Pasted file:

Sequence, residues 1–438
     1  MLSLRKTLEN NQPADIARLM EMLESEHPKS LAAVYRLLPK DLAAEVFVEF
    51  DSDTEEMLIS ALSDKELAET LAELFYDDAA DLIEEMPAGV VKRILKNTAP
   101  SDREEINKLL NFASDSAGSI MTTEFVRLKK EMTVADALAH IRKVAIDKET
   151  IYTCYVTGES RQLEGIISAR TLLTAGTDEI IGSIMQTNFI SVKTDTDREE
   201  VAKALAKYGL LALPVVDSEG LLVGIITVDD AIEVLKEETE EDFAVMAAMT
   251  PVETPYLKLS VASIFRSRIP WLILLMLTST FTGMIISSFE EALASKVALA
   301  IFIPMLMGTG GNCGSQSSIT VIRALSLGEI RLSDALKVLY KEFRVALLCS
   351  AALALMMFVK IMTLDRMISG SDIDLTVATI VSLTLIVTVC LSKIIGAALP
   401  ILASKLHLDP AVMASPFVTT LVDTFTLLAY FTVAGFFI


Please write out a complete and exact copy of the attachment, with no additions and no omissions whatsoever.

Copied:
Sequence, residues 1–438
     1  MLSLRKTLEN NQPADIARLM EMLESEHPKS LAAVYRLLPK DLAAEVFVEF
    51  DSDTEEMLIS ALSDKELAET LAELFYDDAA DLIEEMPAGV VKRILKNTAP
   101  SDREEINKLL NFASDSAGSI MTTEFVRLKK EMTVADALAH IRKVAIDKET
   151  IYTCYVTGES RQLEGIISAR TLLTAGTDEI IGSIMQTNFI SVKTDTDREE
   201  VAKALAKYGL LALPVVDSEG LLVGIITVDD AIEVLKEETE EDFAVMAAMT
   251  PVETPYLKLS VASIFRSRIP WLILLMLTST FTGMIISSFE EALASKVALA
   301  IFIPMLMGTG GNCGSQSSIT VIRALSLGEI RLSDALKVLY KEFRVALLCS
   351  AALALMMFVK IMTLDRMISG SDIDLTVATI VSLTLIVTVC LSKIIGAALP
   401  ILASKLHLDP AVMASPFVTT LVDTFTLLAY FTVAGFFI